Katie GrayI graduated from the Foster School in 2011, having studied marketing and Spanish and earning a Certificate of International Studies in Business (CISB). Last year I decided to take the plunge and move to Chile, where I had studied abroad four years prior. Although I didn’t have a job lined up, my plan was to immediately begin networking with my U.S. and Chilean contacts as soon as I arrived in Santiago. I began to email everyone I knew back in the U.S. to let them know I had moved in the off-chance that someone might have a connection in Chile. Luckily my plan worked, and a contact from Microsoft put me in touch with the man who is now my boss here at Microsoft Chile. I applied for and was offered the position of customer marketing manager for the Small and Medium Business segment.

As a marketing manager for a sales team, I manage and execute Microsoft’s direct-to-consumer marketing campaigns and activities throughout Chile for companies below 250 PCs. Although it is challenging to work in a fast-paced environment in a foreign language, I recognize this job has provided significantly more responsibility and room for growth than an entry-level position I would have had in the U.S. I am very grateful to Foster and the CISB Program for the foreign language and networking skills they helped me develop, and I cannot recommend the experience of working abroad highly enough. To anyone considering a move abroad after graduation who would like to know more about my experience, please feel free to contact me at kemilygray at gmail dot com.

International business students present to Lululemon execs

Guest post by Kelci Zile, Certificate of International Studies in Business (CISB) student

Kelci Zile and Erin Hollingshead
Kelci Zile and Erin Hollingshead at Lululemon headquarters
Erin Hollingshead and I, Kelsi Zile, were fortunate enough to visit the Lululemon headquarters in Vancouver, BC as a prize for our team winning the Certificate of International Studies in Business Foreign Market Strategy Project Competition held on February 13, 2014. The trip included a presentation of our proposal to the foreign expansion board at Lululemon consisting of Jessica Reigle, international specialist; Mary Pittman, international e-commerce manager; Tina Sarazin, brand creative & translation manager; Brooke Harley, international business development director; Sairah Hearn, global social media manager; and Mila Rusimovich, international community. Erin and I were very thankful we came prepared and were able to successfully answer the multitude of in-depth questions they had.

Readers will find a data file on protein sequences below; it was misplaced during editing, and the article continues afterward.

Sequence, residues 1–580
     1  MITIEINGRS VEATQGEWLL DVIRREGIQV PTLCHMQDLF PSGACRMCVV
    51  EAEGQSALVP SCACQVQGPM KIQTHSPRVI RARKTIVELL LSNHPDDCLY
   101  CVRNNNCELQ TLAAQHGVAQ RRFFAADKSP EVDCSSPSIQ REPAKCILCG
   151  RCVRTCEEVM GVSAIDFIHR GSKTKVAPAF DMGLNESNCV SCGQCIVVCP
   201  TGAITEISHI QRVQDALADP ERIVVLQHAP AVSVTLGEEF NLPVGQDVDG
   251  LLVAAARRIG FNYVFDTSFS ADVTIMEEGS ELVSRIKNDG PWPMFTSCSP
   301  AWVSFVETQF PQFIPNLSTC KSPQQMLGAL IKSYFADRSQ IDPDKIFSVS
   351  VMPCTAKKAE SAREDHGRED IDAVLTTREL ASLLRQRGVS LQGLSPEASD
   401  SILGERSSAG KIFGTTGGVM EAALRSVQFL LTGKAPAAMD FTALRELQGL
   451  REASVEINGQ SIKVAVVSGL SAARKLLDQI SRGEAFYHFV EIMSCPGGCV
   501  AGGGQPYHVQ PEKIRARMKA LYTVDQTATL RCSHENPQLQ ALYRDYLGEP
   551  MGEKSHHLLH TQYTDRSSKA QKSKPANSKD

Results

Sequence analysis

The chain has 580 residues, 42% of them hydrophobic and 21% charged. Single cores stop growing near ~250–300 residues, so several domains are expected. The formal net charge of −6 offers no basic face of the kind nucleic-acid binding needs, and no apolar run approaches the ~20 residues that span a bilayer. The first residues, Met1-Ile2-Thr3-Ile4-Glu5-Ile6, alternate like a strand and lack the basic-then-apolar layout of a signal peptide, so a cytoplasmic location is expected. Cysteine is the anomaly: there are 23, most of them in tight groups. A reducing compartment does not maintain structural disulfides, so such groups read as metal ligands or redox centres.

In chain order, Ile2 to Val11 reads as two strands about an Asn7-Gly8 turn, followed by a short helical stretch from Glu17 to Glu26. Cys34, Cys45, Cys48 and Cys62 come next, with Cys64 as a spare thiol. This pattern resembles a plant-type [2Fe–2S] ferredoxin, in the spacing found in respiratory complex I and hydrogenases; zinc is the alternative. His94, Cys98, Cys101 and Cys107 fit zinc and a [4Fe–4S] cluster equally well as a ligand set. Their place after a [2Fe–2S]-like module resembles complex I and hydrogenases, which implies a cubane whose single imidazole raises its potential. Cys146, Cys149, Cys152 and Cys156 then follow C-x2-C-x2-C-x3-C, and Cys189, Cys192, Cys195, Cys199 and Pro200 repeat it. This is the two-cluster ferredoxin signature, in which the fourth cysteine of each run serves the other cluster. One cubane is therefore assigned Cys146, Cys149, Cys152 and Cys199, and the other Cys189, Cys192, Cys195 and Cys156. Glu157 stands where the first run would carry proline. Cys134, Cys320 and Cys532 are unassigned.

After our presentation we asked the board about their positions, biggest challenges and what they predict for the future. Not only was this an incredible learning experience, it was great to see how a board like this functions as a team. After the presentation we were given a tour of the facility by CISB alumna Nancy Richardson. One of our favorite parts of the tour was seeing their massive HR department, or what they call the people potential department. Their department is 500% larger than the average HR department. Lululemon truly understands the value of human capital. This is a progressing trend in business, and both Erin and I were glad to see that Lululemon has seen great success with this management style.

Following the tour we took a yoga class with Nancy and then had dinner with the rest of the board. At dinner Erin and I had a chance to ask real-life questions. The group was inspiring and pushed Erin and me to follow our hearts in everything we do. They understand that following your passion is the only true way to find happiness in a career. Erin and I returned to Seattle with increased drive, vision and enhanced presentation skills. This was an amazing trip and we are extremely grateful to not only have gained these business skills, but to also have met a group of inspiring people.

The Certificate of International Studies in Business is a rigorous, integrative academic supplement to the Bachelor of Arts in Business Administration. Through study abroad, foreign language immersion and area studies coursework, CISB students are equipped to meet the challenges facing business leaders in today’s global economy.

Foster student receives Bonderman Travel Fellowship

Wilson Carletti in Hong Kong while on the China Exploration Seminar
Wilson Carletti in Hong Kong while on the China Exploration Seminar

Foster undergraduate student Wilson Carletti was recently awarded a Bonderman Travel Fellowship which will enable him to travel solo for eight months and visit at least two regions and six countries around the world. Carletti was one of fourteen UW students to receive the fellowship worth $20,000.